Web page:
For example, how strong is your whitening protocol or treatment options? Bleaching is incredibly popular, but just because you offer it doesn’t mean patients know or understand what is available to them. It’s a good idea to find creative ways of adding or marketing at-home tray bleaching alongside other more complex or involved services.

Another adjunctive treatment that can be a great boost in the practice is Invisalign. It’s a fabulous way to improve the outcome of many comprehensive treatment plans by optimizing tooth position. It also has some serious brand name cachet.

Invisalign can make your treatment plans more conservative because it can lead to requiring less restorative work. Additionally, patients who wouldn’t be willing to try traditional orthodontia will likely be far more interested in the clear Invisalign trays. Invisalign can be a new stream of revenue for the practice. That along with bleaching will noticeably increase profitability.

All in all, adding more services will keep things lively, introduce you to more interesting concepts, and inject some energy into the practice. Patients who trust and appreciate you will be excited to take advantage of previously unavailable treatments. These services will also help attract new patients to the practice or draw the attention of a unique demographic. There are plenty of options to explore!

Curious what makes dental care a valued investment? Check out this Pankey Gram blog we’re loving from Dr. Will Kelly here. And let us know what adjunctive services you offer in your practice …

Related Course

E1: Aesthetic & Functional Treatment Planning

DATE: March 13 2025 @ 8:00 am - March 16 2025 @ 2:30 pm

Location: The Pankey Institute

CE HOURS: 39

Dentist Tuition: $ 6800

Single Occupancy with Ensuite Private Bath (Per Night): $ 345

Transform your experience of practicing dentistry, increase predictability, profitability and fulfillment. The Essentials Series is the Key, and Aesthetic and Functional Treatment Planning is where your journey begins.  Following a system of…

Learn More>

About Author

User Image
Pankey Gram

FIND A PANKEY DENTIST OR TECHNICIAN

I AM A
I AM INTERESTED IN

VIEW COURSE CALENDAR

Improving at “The Business” of Dentistry

September 18, 2017 Mark Murphy DDS

Making better business decisions for your dental practice comes down to four key goals: (1) doing more dentistry patients need, (2) helping patients have healthier mouths, (3) making more money and (4) stressing less.

Improving your success in any one of these areas will affect the others, which is why you should think of these various elements comprehensively rather than separately.

How to Do More Dentistry

If you feel that you’re not making enough or treating enough patients, the problem likely isn’t economic downturn. The truth is, if you have a strong system in place, external economic factors shouldn’t have a huge effect on how many patients return for basic treatments such as hygiene.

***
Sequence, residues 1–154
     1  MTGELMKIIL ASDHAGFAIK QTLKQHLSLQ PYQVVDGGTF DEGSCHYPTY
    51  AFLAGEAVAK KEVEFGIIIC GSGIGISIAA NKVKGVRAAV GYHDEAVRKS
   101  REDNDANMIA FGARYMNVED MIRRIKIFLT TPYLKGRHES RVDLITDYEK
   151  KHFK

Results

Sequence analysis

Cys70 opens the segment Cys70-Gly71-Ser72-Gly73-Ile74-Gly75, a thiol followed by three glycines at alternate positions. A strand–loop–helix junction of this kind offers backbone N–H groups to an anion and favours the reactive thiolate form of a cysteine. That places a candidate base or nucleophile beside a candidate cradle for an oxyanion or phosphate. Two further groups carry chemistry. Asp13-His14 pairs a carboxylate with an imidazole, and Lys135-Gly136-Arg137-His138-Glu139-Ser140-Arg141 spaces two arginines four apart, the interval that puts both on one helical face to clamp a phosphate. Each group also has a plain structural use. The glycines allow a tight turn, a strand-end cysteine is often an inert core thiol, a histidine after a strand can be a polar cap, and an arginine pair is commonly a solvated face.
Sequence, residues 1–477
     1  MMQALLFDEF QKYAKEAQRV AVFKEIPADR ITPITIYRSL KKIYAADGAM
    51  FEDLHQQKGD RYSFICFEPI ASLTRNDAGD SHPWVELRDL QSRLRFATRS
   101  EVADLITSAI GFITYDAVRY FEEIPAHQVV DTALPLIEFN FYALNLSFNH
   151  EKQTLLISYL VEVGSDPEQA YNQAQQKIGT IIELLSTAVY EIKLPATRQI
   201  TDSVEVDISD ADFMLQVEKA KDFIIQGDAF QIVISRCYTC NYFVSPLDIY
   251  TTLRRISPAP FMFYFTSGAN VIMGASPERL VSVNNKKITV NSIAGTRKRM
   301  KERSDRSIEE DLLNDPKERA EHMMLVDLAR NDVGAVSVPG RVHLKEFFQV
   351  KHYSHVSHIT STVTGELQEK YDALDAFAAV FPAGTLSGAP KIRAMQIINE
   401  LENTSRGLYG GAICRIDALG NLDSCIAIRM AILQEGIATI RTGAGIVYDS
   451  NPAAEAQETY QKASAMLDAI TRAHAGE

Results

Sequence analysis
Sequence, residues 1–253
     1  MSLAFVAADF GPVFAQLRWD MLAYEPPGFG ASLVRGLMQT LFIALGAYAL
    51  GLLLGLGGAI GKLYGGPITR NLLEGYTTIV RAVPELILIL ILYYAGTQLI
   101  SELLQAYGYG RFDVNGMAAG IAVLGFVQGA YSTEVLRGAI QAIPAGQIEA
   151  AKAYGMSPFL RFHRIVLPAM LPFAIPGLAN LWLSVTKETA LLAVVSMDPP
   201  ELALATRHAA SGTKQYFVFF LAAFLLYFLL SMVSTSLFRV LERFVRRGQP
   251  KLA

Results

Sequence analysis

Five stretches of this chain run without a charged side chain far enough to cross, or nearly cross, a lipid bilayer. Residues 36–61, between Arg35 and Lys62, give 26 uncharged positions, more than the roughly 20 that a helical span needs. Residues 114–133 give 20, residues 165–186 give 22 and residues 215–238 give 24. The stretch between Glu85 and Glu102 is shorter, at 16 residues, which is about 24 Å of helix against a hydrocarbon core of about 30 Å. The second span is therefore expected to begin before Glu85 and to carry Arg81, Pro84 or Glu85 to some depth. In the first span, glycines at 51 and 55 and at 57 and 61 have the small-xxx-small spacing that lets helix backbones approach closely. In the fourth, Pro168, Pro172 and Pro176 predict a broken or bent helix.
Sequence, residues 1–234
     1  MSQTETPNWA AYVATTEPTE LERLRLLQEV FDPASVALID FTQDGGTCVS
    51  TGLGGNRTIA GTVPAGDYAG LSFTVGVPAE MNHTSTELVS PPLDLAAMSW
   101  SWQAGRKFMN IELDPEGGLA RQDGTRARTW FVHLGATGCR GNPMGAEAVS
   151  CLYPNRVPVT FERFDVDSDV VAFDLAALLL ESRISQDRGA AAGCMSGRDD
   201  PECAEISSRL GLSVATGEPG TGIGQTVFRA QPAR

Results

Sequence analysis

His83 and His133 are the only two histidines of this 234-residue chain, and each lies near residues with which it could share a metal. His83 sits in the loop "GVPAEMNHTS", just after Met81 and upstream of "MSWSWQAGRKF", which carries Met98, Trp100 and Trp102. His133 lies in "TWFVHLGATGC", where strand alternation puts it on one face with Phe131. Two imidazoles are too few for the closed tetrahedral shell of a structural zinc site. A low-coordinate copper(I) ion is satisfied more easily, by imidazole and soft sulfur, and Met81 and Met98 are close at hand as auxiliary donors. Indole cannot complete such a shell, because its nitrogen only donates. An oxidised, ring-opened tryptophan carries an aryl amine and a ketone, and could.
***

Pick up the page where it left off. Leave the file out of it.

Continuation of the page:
One of the most common issues practices face is the efficacy of their systems. You may be seeing plenty of patients but without a clear system for setting new appointments, you may not have a full schedule.

Retention is all about measurements. What this means is that when you track or record data, you’re more likely to pay attention to it. A great way to increase the number of hygiene appointments you have is to track how many your are scheduling and how many patients are showing up for.

Simply by measuring this information, you will be more likely to ensure appointments are made. The same goes for your staff who actually carry out scheduling and encourage patients to return. This will also help you better understand what appointment scheduling methods you should offer. Different people like to be reminded differently. Some prefer an email, some prefer a text, some prefer the date and time written on a piece of paper, and some prefer a call.

The lesson of retention illustrates a thought process that can be applied to all areas of your business. Essentially, remember that one size does not fit all and simply paying more attention can improve your success.

What do you think is the hardest part of running a dental practice? 

Related Course

Pankey Scholar 14B

DATE: August 15 2024 @ 6:00 pm - August 17 2024 @ 3:00 pm

Location: The Pankey Institute

CE HOURS: 0

Dentist Tuition: $ 3905

Single Occupancy with Ensuite Private Bath (per night): $ 290

“A Pankey Scholar is one who has demonstrated a commitment to apply the principles, practices and philosophy they learned through their journey at The Pankey Institute.”   At its core,…

Learn More>

About Author

User Image
Mark Murphy DDS

Mark is the Lead Faculty for Clinical Education at ProSomnus Sleep Technologies, Principal of Funktional Consulting, serves on the Guest Faculty at the University of Detroit Mercy School of Dentistry and is a Regular Presenter on Business Development, Practice Management and Leadership at The Pankey Institute. He has served on the Boards of Directors of The Pankey Institute, National Association of Dental Laboratories, the Identalloy Council, the Foundation for Dental Laboratory Technology, St. Vincent DePaul's Dental Center and the Dental Advisor. He lectures internationally on Leadership, Practice Management, Communication, Case Acceptance, Planning, Occlusion, Sleep and TMD. He has a knack for presenting pertinent information in an entertaining manner. mtmurphydds@gmail.com

FIND A PANKEY DENTIST OR TECHNICIAN

I AM A
I AM INTERESTED IN

VIEW COURSE CALENDAR